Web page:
One dollar was worth more than 140 Japanese yen for the first time since 1998 in European afternoon deals.
The yen has plunged to a new 24-year low against the dollar as investors brace for higher United States rates.
One dollar was worth more than 140 yen for the first time since 1998 in European afternoon deals on Thursday, as the greenback also strengthened against other currencies, boosted by the ever-widening gap between the yields on US and Japanese government debt.
While this makes imported goods more expensive in Japan, a weaker yen can also raise profits for Japanese companies selling products abroad, including major companies such as Toyota and Nintendo.
The yen has been falling against the dollar from around 115 in March, prompting analysts to point to the possibility of government intervention.
Veteran investor Jeremy Grantham warned of an “epic finale” to the stock market “superbubble” inflated by years of cheap money.
“The whole world is now fixated on the growth-reducing implications of inflation, rates, and wartime issues such as the energy squeeze,” Grantham told Reuters news agency.
Add to that COVID-19 in China, food and energy crises, demographics and climate change and “the outlook is far grimmer than could have been foreseen”, he added.
Impact of Ukraine war
The steep decline in the yen in particular has mainly been driven by the differing approaches of the Bank of Japan and other central banks including the US Federal Reserve, which have raised interest rates to tackle soaring inflation fuelled by the Russian war on Ukraine.
David Forrester, senior FX strategist at Credit Agricole CIB in Hong Kong, said breaching 140 yen per dollar marked an “important technical level”.
“Previously, if you look at when the Bank of Japan has intervened to buy the yen, it’s usually been around these levels,” he told AFP news agency.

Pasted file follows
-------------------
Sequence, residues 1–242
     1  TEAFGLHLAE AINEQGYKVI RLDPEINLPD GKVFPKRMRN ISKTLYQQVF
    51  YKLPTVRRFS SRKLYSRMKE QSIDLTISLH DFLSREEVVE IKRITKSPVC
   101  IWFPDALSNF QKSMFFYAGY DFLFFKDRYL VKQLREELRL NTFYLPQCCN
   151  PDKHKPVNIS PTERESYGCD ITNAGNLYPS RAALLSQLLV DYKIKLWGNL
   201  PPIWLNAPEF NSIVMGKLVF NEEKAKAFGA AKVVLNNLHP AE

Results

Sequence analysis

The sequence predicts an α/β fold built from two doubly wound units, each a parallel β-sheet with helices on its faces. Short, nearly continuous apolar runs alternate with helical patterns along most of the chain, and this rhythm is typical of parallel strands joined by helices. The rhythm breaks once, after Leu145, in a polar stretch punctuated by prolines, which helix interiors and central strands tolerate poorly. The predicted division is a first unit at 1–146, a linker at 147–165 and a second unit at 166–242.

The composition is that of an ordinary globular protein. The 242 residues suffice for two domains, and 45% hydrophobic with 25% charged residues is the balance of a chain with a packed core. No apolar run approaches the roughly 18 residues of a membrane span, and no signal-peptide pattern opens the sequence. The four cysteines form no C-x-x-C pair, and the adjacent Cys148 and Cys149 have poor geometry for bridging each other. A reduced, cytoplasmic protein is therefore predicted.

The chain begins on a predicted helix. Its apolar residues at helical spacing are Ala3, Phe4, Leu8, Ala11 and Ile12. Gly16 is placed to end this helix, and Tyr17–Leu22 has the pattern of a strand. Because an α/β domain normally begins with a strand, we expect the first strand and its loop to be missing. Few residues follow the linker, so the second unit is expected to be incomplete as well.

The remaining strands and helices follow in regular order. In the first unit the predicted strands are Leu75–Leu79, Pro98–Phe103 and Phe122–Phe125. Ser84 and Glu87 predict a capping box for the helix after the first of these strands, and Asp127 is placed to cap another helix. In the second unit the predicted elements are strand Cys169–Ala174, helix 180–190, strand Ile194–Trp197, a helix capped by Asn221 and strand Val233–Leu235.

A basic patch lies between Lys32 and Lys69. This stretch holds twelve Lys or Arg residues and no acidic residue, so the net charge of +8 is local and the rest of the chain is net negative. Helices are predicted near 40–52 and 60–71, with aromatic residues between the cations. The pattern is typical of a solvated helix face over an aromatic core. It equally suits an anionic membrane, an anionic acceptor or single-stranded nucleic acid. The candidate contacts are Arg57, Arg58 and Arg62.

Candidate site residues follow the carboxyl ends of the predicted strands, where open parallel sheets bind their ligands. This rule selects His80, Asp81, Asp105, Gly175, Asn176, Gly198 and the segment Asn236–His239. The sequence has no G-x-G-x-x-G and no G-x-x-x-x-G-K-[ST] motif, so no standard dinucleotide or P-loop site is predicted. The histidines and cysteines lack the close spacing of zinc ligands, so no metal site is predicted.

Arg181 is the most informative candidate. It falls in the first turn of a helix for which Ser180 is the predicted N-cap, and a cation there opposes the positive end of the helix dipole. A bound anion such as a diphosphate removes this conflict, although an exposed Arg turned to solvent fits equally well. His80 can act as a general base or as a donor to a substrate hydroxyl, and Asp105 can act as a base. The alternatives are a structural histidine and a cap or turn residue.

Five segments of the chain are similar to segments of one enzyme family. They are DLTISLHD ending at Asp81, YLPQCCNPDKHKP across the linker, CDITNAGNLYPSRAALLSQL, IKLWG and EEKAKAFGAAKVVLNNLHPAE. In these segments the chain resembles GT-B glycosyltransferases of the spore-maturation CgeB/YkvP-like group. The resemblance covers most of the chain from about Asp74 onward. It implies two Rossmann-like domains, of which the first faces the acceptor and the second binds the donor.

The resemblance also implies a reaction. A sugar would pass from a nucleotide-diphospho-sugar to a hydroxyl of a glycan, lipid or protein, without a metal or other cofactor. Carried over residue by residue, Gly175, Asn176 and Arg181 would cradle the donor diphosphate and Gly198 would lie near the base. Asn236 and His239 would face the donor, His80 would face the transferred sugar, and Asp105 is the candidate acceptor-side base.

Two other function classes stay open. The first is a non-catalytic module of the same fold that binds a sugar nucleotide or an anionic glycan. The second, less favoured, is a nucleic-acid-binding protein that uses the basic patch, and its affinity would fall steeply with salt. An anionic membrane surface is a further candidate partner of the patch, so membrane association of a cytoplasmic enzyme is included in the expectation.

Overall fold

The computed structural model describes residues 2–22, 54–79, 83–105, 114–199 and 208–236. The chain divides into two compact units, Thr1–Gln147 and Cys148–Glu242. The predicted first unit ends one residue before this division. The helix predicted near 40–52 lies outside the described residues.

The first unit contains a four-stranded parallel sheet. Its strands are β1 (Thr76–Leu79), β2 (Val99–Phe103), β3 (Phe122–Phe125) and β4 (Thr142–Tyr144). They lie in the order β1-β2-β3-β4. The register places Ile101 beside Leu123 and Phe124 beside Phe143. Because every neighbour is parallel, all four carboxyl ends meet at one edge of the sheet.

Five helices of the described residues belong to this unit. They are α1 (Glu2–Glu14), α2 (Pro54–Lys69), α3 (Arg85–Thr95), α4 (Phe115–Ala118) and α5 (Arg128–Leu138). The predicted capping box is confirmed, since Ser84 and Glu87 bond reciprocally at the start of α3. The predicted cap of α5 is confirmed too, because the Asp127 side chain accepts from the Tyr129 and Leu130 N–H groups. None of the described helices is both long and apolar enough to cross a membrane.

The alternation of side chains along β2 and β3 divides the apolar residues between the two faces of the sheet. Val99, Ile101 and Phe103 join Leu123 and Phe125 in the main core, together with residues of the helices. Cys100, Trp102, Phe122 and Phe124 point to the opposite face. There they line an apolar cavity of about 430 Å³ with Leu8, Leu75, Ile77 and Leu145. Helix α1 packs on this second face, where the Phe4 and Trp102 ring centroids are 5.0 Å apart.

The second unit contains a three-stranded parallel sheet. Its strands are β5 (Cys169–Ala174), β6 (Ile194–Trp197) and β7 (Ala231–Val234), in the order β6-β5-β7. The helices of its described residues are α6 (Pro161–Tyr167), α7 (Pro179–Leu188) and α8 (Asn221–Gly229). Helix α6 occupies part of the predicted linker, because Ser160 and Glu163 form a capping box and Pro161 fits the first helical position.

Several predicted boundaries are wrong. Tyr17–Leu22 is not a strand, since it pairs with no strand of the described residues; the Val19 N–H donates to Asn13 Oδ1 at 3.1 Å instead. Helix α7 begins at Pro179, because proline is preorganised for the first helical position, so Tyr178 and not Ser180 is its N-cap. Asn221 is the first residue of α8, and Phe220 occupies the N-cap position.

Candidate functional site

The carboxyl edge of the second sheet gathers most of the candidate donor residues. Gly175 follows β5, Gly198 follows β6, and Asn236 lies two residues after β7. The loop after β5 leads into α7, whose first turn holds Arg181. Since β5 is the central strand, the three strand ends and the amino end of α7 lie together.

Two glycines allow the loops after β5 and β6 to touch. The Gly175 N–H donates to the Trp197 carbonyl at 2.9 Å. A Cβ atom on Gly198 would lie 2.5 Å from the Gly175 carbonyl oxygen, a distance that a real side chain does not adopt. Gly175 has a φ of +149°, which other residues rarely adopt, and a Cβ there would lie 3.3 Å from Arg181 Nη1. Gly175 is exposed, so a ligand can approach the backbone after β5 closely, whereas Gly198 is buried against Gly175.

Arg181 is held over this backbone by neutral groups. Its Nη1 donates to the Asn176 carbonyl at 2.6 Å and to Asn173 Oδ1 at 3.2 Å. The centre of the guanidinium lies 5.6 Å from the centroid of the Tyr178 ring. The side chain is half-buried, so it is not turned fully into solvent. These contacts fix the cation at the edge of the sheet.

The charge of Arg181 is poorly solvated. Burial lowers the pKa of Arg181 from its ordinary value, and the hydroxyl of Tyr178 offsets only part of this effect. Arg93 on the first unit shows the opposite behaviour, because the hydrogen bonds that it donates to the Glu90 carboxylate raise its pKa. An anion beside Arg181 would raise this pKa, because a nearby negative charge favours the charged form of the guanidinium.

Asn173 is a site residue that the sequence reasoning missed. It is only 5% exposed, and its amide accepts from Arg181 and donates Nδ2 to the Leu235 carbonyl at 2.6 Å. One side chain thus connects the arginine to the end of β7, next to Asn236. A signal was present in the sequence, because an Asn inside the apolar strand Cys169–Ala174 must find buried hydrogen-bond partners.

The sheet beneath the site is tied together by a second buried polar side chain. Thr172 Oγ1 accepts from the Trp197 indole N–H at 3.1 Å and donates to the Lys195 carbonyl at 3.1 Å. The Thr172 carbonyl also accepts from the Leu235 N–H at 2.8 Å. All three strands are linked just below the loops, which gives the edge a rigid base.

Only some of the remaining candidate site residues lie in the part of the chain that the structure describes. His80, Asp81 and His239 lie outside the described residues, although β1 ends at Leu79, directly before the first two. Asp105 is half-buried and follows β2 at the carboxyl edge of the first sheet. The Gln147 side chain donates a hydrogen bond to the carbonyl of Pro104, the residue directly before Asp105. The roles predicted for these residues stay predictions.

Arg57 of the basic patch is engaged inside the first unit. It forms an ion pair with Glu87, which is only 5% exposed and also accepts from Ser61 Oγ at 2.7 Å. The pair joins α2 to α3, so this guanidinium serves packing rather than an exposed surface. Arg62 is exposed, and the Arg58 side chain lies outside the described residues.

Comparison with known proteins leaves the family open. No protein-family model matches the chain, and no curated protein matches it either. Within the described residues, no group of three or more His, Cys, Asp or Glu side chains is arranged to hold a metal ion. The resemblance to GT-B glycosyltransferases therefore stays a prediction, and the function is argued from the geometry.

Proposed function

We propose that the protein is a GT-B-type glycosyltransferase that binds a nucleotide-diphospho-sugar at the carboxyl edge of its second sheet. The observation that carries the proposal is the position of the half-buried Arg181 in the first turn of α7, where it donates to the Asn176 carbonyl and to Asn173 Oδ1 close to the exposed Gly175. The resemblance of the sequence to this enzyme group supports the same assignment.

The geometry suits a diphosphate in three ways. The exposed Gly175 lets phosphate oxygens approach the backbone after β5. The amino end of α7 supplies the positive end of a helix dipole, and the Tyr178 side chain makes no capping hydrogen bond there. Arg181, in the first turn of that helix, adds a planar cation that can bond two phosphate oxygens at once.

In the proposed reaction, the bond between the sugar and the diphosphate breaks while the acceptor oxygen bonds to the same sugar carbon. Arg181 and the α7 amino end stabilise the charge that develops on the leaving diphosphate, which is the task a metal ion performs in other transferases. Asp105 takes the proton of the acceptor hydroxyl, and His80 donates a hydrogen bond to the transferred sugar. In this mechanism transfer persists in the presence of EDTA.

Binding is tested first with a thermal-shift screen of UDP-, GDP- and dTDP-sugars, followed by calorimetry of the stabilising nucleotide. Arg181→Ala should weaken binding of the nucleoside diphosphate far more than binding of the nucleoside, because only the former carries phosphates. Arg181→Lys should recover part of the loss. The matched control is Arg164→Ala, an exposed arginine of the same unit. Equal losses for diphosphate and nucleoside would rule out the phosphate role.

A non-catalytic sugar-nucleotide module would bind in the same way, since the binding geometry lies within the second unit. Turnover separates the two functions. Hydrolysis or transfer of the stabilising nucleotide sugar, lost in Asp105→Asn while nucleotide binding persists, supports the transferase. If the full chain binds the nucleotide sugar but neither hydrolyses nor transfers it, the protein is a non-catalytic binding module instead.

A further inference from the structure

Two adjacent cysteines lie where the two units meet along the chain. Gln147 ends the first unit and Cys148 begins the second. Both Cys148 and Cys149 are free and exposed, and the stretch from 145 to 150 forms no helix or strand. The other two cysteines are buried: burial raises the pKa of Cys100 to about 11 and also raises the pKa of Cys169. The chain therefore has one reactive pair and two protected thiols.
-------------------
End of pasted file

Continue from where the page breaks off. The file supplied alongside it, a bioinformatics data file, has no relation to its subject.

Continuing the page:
Earlier on Thursday, Japan’s Chief Cabinet Secretary Hirokazu Matsuno repeated comments about the importance of stability in forex markets, saying that “rapid changes are undesirable”.
But he did not give any indication that special measures, like the finance ministry instructing the Bank of Japan [BoJ] to buy the yen against other currencies to bolster its value, were in the cards.
With volatility increasing, “the government plans to monitor the trend of the foreign exchange market carefully with a high sense of urgency”, Matsuno told reporters.
Last week, US Federal Reserve Chair Jerome Powell declared his commitment to aggressive rate hikes, eliminating hope that the US central bank may soften its position to avoid an economic slowdown.
But policymakers at the BoJ have refused to abandon easy-money measures put in place a decade ago, aimed at generating growth in the world’s third-largest economy and sustained price rises of around two percent.
Also, “higher energy prices throughout the year have been a big weight on Japan’s trade balance and current account balance … but that has eased a little bit recently”, Forrester said.
Inflation in Japan is at its highest in seven years, and prices for items excluding fresh products rose 2.4 percent on the year in July – but the BoJ sees these increases as temporary, and says it is committed to its current policy.
“Inflation in Japan is not only accelerating but broadening out beyond just food and energy price inflation”, which is starting to indicate “that maybe the BoJ does have to shift its stance a little”, Forrester said.
“If they’re stubborn on that front, then the ministry of finance may have to intervene, to reduce imported inflation due to the weaker yen,” he added.